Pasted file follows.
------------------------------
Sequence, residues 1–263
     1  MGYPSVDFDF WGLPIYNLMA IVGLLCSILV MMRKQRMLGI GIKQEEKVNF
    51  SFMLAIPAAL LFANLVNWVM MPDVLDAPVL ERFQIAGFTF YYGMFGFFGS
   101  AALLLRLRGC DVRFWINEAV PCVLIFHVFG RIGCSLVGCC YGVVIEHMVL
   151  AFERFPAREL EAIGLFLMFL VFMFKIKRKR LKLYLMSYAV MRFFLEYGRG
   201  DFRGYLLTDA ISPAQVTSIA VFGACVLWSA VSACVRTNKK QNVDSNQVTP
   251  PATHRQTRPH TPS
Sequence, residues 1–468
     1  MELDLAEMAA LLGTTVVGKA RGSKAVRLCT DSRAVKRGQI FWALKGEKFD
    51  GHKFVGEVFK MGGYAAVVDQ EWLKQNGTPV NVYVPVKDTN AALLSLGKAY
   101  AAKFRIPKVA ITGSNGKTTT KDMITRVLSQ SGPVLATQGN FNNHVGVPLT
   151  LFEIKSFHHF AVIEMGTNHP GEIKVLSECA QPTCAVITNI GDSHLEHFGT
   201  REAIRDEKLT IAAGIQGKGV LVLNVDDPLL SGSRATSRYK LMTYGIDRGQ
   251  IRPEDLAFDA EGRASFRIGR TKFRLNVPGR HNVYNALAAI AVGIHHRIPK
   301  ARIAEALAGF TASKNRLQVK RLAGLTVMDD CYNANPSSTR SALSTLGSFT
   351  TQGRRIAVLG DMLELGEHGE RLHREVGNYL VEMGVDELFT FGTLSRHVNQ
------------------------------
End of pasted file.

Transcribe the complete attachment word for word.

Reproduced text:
Sequence, residues 1–263
     1  MGYPSVDFDF WGLPIYNLMA IVGLLCSILV MMRKQRMLGI GIKQEEKVNF
    51  SFMLAIPAAL LFANLVNWVM MPDVLDAPVL ERFQIAGFTF YYGMFGFFGS
   101  AALLLRLRGC DVRFWINEAV PCVLIFHVFG RIGCSLVGCC YGVVIEHMVL
   151  AFERFPAREL EAIGLFLMFL VFMFKIKRKR LKLYLMSYAV MRFFLEYGRG
   201  DFRGYLLTDA ISPAQVTSIA VFGACVLWSA VSACVRTNKK QNVDSNQVTP
   251  PATHRQTRPH TPS
Sequence, residues 1–468
     1  MELDLAEMAA LLGTTVVGKA RGSKAVRLCT DSRAVKRGQI FWALKGEKFD
    51  GHKFVGEVFK MGGYAAVVDQ EWLKQNGTPV NVYVPVKDTN AALLSLGKAY
   101  AAKFRIPKVA ITGSNGKTTT KDMITRVLSQ SGPVLATQGN FNNHVGVPLT
   151  LFEIKSFHHF AVIEMGTNHP GEIKVLSECA QPTCAVITNI GDSHLEHFGT
   201  REAIRDEKLT IAAGIQGKGV LVLNVDDPLL SGSRATSRYK LMTYGIDRGQ
   251  IRPEDLAFDA EGRASFRIGR TKFRLNVPGR HNVYNALAAI AVGIHHRIPK
   301  ARIAEALAGF TASKNRLQVK RLAGLTVMDD CYNANPSSTR SALSTLGSFT
   351  TQGRRIAVLG DMLELGEHGE RLHREVGNYL VEMGVDELFT FGTLSRHVNQ